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It's Not Broke, So Fix It

New EFCA statement of faith clarifies positions on controversial doctrines.

As a denomination, there are a couple surefire ways to get your name in the headlines. You can bow to popular wisdom on a major doctrinal issue, as the Episcopal Church did in 2003 by electing an openly homosexual man as bishop. Or you can weigh in against practices near and dear to some of your fellow Christians, as the Southern Baptist Convention did two years ago.

If you want to make sure no one covers your denominational meeting, here's what you do: Revise your statement of faith before certain issues become disputed in your churches. And yet here I am writing about the Evangelical Free Church of America's newly revised statement of faith. Why? Because the time to fix your doctrine is when it isn't broke.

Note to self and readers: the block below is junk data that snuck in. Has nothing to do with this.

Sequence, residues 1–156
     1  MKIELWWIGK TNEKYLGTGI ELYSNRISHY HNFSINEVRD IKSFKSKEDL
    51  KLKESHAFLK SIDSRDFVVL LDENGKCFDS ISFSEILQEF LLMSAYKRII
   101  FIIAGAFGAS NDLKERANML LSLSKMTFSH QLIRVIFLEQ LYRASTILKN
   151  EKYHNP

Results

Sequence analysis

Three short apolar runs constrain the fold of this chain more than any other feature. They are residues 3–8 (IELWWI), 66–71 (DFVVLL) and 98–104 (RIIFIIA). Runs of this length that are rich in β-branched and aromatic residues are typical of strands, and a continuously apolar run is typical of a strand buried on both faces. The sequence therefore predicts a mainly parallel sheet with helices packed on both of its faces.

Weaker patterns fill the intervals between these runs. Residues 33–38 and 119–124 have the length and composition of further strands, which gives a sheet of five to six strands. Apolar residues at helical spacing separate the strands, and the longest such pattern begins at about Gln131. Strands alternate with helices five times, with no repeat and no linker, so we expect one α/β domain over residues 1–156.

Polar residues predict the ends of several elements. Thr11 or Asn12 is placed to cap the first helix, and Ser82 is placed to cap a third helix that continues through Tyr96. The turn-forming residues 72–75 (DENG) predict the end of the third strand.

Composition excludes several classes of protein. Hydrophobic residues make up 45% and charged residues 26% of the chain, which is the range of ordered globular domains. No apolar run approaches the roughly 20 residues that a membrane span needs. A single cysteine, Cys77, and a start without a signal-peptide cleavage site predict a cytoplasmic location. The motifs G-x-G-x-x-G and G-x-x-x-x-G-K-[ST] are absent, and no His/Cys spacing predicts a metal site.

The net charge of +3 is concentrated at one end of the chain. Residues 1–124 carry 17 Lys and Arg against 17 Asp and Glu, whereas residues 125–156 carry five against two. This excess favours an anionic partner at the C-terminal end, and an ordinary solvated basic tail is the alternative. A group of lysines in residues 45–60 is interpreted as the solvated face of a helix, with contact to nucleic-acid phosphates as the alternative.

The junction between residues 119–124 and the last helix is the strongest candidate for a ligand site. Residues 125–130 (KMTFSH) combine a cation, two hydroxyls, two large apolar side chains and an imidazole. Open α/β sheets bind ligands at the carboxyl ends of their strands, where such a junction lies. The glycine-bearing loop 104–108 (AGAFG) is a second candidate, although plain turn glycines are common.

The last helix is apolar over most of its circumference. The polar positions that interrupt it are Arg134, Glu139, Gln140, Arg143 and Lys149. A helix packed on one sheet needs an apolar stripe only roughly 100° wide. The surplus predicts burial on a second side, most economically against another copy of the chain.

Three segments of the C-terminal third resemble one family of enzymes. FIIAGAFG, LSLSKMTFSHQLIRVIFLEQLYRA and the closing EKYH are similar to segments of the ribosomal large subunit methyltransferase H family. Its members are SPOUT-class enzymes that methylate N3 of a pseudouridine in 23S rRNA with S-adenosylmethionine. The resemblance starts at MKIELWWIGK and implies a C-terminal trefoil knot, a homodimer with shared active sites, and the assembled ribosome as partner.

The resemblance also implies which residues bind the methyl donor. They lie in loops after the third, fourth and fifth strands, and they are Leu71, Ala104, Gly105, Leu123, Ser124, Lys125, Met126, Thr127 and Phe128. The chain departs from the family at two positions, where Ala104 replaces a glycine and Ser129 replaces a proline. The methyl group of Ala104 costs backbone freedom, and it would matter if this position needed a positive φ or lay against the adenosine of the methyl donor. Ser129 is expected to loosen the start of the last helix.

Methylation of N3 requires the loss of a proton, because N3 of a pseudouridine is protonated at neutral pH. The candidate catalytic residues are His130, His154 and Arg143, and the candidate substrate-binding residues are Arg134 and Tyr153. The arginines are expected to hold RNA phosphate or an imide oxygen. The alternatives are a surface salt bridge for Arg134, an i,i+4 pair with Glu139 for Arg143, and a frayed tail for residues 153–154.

By and large, the EFCA has been insulated from the evangelical world's recent debates over open theism, the Atonement, justification, and inerrancy. That's not to say the EFCA has avoided the debates. Faculty at the EFCA seminary, Trinity Evangelical Divinity School (TEDS), have actively ...

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